What about someone who already has cancer? I can't remember the exact statistic, but I believe if they consume/or switch to a vegan diet they are 40% more likely to survive.

One interesting health factoid for those us in more Northern parts of the world. In the winter it is very likely that our body can't produce enough vitamin D even if we spent all day in the sun. The doctor speaking at this workshop highly recommended a Vitamin D supplement.

Well, what did they cook? The chef prepared a few different recipes including delicious hummus with cumin in it, guacamole with peas to lower fat content (similar to the mockamole I made awhile back), two different veggie stir fries, a pasta dish using pasta that was 50% brown rice, and smoothies. They sell a cookbook on their site and also give it away to attendees of the four day cooking workshops. The first half of the book is nutritional/health information and the second half is recipes. It is also available free via download. The videos they show at the workshops are available via streaming media in the resources area of their site.

Cooking tips... I've only got a two for you unfortunately. How do you peel ginger? I've always cut it, almost making a square. The chef showed us how to scrape it almost like you would peel a carrot if you were using a knife instead of a peeler. It saves a whole lot of ginger.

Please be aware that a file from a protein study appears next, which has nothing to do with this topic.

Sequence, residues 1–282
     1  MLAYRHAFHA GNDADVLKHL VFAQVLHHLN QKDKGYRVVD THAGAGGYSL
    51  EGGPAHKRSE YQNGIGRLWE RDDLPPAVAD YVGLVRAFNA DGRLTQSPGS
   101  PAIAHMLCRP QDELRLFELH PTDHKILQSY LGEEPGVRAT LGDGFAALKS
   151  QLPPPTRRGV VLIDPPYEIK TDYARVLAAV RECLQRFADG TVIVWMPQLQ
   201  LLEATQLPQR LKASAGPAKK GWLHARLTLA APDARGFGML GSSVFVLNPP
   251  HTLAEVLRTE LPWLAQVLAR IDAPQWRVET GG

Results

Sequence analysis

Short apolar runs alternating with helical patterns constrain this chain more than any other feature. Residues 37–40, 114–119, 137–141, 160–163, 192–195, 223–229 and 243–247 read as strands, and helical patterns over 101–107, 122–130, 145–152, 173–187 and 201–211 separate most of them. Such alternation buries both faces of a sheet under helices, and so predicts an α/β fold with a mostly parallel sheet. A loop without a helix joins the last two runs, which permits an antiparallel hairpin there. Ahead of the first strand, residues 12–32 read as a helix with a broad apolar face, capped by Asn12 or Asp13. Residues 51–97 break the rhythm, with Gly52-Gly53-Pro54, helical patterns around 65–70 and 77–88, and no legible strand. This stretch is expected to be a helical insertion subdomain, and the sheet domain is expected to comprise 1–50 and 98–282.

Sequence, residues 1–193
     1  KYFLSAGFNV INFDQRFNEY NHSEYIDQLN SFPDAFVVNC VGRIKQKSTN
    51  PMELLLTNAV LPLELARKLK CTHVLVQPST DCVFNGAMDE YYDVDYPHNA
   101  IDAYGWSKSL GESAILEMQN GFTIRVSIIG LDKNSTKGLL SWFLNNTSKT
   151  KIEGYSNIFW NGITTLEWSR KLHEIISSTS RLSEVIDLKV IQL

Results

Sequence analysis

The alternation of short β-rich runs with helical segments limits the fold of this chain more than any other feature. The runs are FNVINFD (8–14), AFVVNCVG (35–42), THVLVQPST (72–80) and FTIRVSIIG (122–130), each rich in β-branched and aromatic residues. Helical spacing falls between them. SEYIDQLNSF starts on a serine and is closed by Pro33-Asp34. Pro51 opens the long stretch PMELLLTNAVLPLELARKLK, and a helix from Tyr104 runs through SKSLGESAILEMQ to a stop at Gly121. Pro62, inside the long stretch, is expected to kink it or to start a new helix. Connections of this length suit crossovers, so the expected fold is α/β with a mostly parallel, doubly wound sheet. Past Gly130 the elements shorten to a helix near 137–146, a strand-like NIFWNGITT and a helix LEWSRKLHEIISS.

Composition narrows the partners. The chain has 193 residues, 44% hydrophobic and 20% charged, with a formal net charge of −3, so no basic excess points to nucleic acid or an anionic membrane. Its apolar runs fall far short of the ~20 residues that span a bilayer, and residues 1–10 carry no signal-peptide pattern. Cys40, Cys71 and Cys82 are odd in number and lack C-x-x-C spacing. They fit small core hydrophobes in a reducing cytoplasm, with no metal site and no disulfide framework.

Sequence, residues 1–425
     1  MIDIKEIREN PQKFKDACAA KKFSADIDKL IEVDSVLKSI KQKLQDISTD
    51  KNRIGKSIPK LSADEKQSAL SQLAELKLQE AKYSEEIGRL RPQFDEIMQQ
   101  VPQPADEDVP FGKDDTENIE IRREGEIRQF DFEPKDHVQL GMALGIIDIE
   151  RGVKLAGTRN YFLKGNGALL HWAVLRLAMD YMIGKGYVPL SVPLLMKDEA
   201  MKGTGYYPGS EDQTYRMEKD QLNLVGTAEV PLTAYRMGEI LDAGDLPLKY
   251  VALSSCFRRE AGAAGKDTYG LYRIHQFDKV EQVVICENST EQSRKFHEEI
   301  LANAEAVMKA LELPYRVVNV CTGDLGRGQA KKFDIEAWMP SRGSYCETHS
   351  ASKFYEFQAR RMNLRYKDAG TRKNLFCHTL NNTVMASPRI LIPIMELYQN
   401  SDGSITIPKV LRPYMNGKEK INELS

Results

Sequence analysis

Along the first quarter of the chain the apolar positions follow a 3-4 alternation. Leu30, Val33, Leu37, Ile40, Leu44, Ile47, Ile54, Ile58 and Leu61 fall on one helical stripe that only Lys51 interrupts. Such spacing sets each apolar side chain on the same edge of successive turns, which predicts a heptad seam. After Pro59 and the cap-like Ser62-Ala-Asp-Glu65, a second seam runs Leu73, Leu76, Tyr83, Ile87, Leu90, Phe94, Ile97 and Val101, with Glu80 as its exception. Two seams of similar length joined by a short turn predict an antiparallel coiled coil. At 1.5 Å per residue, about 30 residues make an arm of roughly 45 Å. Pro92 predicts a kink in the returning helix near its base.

The other thing the chef did that was pretty neat was water sauteing. He skipped oil with the veggies and added just enough water to keep them from sticking to the pan. It was necessary to add a bit more water at times. This even worked with onions, you could see them caramelizing. Often I use less oil than called for. On occasion in the past I have water sauteed spinach or asparagus (as it is almost like steaming). It had never occurred to me that I could skip the oil altogether on other veggies.

Anyway, I hope this post is helpful and I highly recommend checking out their site for more information. For me going vegetarian had most to do with political/economic and environmental issues. As I learned more about animal rights issues, I made the switch to vegan. Health benefits were just a plus. The information from The Cancer Project makes these benefits seem very important as well. Even going by the minimums in the NCI statement where diet can cut the cancer risk by 1/3, that is pretty significant. Next time someone asks why you are vegan, now you have more great reasons!